What is Sovereignty?

Native American history exists in two distinct eras: Our centuries of co-existence with the land where we lived for thousands of years; and the mistreatment, injustice and violence done to us with the arrival of non-native colonizers.

Throughout U.S. history, federal and state government officials contrived doctrines to support the illegal and immoral contention that tribes had no legal or civil rights to their own ancestral lands.Like other tribes across the United States and in California, the Koi Nation’s long history of peaceful existence fell victim to broken promises, broken treaties and broken dreams.

Our ancestors never laid claim to the land they lived on, as did arriving colonizers. We chose instead to give thanks to the creator, and to the earth and sky, for the bounty of food, shelter and other basic amenities they provided. This difference was used against us by a legal system imposed on us by force by the colonizers, and as a result we became landless.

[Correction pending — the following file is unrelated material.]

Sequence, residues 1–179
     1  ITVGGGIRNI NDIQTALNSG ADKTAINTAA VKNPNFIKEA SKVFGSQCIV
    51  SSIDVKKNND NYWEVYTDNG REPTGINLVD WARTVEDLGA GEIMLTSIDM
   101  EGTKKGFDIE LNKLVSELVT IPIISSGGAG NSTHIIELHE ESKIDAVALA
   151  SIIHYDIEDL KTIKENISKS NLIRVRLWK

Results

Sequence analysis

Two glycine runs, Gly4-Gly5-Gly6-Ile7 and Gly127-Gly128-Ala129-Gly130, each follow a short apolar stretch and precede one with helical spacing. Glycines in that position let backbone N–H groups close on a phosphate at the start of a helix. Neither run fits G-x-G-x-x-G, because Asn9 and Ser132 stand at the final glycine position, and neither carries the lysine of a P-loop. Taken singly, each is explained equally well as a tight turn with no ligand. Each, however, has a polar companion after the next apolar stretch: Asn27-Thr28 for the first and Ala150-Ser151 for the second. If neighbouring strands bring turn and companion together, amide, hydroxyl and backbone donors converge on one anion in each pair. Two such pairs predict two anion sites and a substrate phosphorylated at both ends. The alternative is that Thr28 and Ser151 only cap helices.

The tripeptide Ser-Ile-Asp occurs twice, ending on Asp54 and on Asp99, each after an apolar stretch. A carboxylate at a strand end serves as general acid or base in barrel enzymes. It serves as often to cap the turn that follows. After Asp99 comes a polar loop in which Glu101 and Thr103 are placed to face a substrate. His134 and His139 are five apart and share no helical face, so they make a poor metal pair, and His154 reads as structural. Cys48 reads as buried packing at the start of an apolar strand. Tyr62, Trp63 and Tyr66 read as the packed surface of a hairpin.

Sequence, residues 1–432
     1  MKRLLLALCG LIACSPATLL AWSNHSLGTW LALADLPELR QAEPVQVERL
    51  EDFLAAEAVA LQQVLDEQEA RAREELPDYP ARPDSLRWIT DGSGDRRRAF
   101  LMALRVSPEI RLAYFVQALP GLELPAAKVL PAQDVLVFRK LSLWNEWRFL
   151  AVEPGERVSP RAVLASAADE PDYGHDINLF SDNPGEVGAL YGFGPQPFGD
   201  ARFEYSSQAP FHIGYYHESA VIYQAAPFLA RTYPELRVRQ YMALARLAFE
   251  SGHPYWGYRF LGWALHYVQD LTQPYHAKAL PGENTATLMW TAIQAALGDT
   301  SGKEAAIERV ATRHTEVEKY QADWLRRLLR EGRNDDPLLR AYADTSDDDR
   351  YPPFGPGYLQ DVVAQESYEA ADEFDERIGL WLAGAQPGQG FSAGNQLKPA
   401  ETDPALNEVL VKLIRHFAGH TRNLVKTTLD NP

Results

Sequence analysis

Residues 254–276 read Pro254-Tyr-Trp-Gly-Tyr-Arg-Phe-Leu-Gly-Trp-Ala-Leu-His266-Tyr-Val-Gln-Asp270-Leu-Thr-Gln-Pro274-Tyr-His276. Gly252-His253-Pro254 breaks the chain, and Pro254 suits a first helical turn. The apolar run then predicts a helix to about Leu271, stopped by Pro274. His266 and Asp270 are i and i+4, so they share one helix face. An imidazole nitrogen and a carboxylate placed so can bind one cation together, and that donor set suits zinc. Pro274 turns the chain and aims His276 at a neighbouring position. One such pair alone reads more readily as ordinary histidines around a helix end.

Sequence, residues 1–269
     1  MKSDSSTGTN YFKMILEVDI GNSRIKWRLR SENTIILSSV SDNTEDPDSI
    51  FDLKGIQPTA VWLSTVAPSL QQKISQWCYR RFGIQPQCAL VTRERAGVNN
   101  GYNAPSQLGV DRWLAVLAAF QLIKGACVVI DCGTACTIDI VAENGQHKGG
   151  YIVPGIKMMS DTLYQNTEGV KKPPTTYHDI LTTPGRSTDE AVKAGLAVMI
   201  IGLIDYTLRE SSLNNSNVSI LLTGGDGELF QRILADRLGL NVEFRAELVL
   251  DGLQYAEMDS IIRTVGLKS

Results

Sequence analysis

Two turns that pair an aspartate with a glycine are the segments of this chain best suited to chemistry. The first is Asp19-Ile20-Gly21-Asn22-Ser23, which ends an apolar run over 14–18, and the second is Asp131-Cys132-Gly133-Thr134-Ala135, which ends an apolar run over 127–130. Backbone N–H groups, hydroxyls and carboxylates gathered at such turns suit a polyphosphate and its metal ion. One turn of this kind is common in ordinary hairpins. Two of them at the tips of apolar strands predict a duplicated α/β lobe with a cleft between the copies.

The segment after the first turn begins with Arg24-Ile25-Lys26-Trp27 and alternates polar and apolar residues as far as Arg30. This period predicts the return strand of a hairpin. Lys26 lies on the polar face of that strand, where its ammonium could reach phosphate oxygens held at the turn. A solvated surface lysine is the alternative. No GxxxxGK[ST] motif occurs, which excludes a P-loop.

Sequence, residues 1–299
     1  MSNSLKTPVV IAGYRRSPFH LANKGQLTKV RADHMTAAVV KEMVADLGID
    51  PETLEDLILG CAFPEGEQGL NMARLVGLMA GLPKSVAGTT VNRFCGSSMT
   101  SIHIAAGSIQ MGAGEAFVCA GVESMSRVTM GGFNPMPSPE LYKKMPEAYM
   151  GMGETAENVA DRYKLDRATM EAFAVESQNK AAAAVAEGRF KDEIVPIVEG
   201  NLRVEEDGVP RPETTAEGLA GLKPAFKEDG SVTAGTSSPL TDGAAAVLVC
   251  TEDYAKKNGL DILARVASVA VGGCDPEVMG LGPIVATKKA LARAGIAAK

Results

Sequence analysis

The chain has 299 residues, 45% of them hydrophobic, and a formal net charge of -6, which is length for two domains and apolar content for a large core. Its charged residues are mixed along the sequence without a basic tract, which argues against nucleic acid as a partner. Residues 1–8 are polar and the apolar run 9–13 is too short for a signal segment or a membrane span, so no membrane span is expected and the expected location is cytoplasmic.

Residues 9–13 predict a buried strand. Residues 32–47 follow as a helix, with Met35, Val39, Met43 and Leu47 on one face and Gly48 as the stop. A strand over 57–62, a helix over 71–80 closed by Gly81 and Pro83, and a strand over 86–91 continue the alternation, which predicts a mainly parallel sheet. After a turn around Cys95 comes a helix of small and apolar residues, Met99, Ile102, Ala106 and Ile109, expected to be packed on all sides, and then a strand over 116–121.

Nonetheless, the lands upon which our ancestors lived were our home, where we as a tribe governed ourselves and cared for our people.The loss of our ancestral lands stripped from us our ability to be self-reliant, to protect our culture and traditions, and even to know and protect the places where our ancestors were buried.

In recent decades, the federal government has recognized these truths, acknowledged the inherent right of tribal sovereignty,and has begun to rectify its shameful record of mistreatment against native tribes.

Federally recognized tribes have the inherent sovereign right to live on their own land, to govern their own affairs and people without interference, and to establish and pursue economic policies and activities that create self-reliance and opportunity for their people.

As a federally recognized Native American tribe, whose status was reaffirmed in a federal court decision in 2019, the Koi Nation has inherent sovereignty and the rights that accompany it. This carries great meaning and symbolism for us, and we guard it as closely as our tribe’s culture and tradition. Our inherent sovereignty is the foundation for our efforts to obtain land upon which we can re-establish the living relationship between our people and the land and exercise our rights to independent governance and economic self-reliance.